Polaroid SX-70 revisited

Writer and photographer / Scott Wittenburg

For those of you like myself who have enjoyed the Polaroid alternative processes over the years there is some good news and some bad news.

Gas Pump SX-70 PolaroidThe good news, in case you haven’t already heard, is that The Impossible Project (the-impossible-project.com) launched a comeback of Polaroid film earlier this year. Thanks to their efforts, you can purchase re-packaged SX-70 color film for manipulations and Polaroid 669 for image transfers and emulsion lifts. The bad news is that their stock of these films won’t be around much longer. And from what I have gleaned at their website, once this old stuff is gone, it won’t be available again.

Image right: Gas Pump, Polaroid SX-70 manipulation by Scott Wittenburg

So now you are probably asking yourself, what’s going on here? Well, the answer is actually some more good news. The Impossible Project has created several alternative films that work in many of the old Polaroid cameras, camera backs and slide printers—they even offer a Polaroid film back to fit the Holga camera that accepts type 100 peel-apart films. (The original Holga backs became virtually useless about as soon as they were manufactured after the film that fit them was dropped from Polaroid’s swiftly shrinking list of available instant films.)

You can get some interesting results using these new alternative films if you’re willing to take a chance and experiment a bit. For example, they offer a brand new monochromatic film for either an SX-70 or 600 cameras. Their pitch for this film is “PX Silver Shade Film is experimental material that will produce changing results depending on light conditions and temperature.” This is followed by a prompt to view a sample gallery of shots taken with the quirky black and white film plus a link for a downloadable user manual on how to use it.

Fade to black compositeA while back they also offered another “new” film that fits SX-70 cameras called “Fade To Black,” which is currently out of stock but may return. I have experimented with this film with less than spectacular results (see photo sequence.) The properties sounded interesting: after you expose it, it changes colors as it develops then becomes totally black within twenty-four hours. The idea is to peel off the backing once the film has turned the color you want to preserve and then it will remain that color. You can also place the totally developed black print in the “bright sun for two weeks” and the image will actually reappear! (I am currently trying this out and will let you know how that turns out.)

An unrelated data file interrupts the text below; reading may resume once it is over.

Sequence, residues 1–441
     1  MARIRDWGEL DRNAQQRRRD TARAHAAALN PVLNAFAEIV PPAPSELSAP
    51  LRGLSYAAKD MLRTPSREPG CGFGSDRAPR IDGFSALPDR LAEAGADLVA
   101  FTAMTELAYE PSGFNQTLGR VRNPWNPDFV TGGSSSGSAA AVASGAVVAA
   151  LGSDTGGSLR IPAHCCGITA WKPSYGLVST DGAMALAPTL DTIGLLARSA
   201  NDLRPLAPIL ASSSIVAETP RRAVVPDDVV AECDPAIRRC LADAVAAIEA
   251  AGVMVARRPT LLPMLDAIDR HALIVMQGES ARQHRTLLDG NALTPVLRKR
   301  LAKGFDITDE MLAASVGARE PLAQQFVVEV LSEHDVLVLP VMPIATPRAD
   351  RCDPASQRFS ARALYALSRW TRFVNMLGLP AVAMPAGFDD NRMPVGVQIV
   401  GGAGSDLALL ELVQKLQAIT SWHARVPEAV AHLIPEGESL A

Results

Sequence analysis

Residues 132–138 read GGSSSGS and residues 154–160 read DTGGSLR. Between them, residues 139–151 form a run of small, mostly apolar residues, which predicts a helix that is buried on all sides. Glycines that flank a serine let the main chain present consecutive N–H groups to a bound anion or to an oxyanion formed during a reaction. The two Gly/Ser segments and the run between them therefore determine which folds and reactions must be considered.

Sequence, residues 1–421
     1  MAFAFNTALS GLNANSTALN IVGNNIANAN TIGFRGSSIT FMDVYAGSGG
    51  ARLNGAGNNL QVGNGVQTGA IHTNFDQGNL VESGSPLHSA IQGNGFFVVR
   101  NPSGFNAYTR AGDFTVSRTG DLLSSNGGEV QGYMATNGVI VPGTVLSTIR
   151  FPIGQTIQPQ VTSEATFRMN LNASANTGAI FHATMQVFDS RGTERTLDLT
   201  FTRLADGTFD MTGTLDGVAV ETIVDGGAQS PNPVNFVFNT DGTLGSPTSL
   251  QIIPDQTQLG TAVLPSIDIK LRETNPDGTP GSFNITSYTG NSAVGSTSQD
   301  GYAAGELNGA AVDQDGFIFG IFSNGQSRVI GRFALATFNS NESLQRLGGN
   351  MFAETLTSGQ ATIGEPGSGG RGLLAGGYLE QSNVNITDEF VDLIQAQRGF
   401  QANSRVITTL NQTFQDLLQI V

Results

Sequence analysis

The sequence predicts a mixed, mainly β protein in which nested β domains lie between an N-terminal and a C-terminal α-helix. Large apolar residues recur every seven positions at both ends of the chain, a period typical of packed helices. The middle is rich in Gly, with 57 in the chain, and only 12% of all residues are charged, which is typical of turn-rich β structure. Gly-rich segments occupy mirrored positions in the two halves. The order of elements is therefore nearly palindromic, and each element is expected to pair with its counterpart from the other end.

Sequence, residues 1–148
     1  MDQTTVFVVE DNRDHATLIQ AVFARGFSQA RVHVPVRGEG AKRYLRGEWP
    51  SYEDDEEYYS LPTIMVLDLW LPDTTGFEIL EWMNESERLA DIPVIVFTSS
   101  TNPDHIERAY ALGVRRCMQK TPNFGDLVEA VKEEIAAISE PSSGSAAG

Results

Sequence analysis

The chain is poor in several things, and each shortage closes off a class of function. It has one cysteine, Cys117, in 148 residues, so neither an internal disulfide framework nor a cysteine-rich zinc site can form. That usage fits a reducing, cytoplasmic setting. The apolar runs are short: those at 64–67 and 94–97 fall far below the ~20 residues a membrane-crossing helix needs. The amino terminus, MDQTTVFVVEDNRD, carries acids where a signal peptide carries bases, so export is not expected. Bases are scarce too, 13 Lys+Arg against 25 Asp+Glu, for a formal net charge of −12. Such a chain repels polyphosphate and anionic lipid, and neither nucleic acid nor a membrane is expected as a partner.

Some other choices of “new” instant films include “Chocolate,” “Sepia,” and “Blue,” which fit any type 100 camera or camera backs that accept 669 film. There are even several different choices of film that fit the old Spectra cameras.

So although I’m bummed that the classic Polaroid instant films are apparently going to be kaput yet again, I’m nevertheless fairly psyched at the prospect of trying the new stuff that’s out there for the trying. After all, something is better than nothing, right? And who knows, maybe Polaroid alternative processes will re-invent themselves if given a chance. Time will tell. Stay tuned to this blog and I’ll let you know of any new developments from The Impossible Project as they occur.

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